The Second Symphony, begun in 1871 but mostly written in the summer of 1872, represents a breakthrough in Bruckner’s conception of the symphony. Although he had been composing sonata-form movements with three distinct themes since he began writing symphonies in 1862, in 1872 he greatly expanded the scope of their presentation and development, and established the framework which he used consistently in all of his subsequent symphonic work. In 1986 I was entrusted by Leopold Nowak with the preparation of a new edition of this symphony, intended to replace his own score published in 1965, and thus also the earlier score edited by Robert Haas and published in 1938. Over the years, I have pursued many interesting lines of inquiry about this piece, and these papers are the result of some of that work.
In 2007 Riccardo Chailly directed the Leipzig Gewandhaus Orchestrea in three performances of the Second, two in the new Gewandhaus hall itself, and the third in the Brucknerhaus in Linz. Maestro Chailly graciously invited me to be present, and indeed I was able to hear all the rehearsals, after which we had many pleasant and productive discussions. It was a great experience, and here are the program notes I wrote for the occasion.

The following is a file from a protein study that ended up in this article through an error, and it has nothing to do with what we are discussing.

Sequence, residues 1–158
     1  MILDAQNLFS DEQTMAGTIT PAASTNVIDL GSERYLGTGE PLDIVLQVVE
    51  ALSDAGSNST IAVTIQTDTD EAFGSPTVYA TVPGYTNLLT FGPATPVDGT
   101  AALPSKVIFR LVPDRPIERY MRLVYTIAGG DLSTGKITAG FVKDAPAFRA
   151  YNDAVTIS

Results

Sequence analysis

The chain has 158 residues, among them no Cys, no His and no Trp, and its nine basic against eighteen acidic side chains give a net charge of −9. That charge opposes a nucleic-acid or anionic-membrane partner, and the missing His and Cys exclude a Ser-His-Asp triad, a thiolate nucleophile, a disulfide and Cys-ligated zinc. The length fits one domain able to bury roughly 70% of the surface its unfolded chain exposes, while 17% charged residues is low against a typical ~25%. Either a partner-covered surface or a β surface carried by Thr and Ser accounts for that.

In 1994 Timothy Jackson organized a Bruckner conference at Connecticut College in New London. There were many participants, and I was asked to give a presentation on my methods and discoveries in my research for the new edition of the Second. At that time, before the public there was only the Eichhorn performances of the 1872 version and the variant of 1873, and there was much to say about the symphony to a curious audience. This paper was eventually published in Persepectives on Anton Bruckner, Ashgate, 2001, and here by permission of the editors is a slightly revised and expanded version.
In 2009, Ken Ward, the editor of The Bruckner Journal, received some questions about the new edition and asked me to answer them. I did that by writing a new paper in which all the matters that had been brought up were discussed. Of course much more could be said! I am now working an a new paper for the Journal in which I am making a comprehensive study of the approximately 200 recordings of the symphony in my collection, spanning almost 80 years starting in 1938. That paper will appear in due course in this spot as well. Until then, I am very interested in your reactions and comments!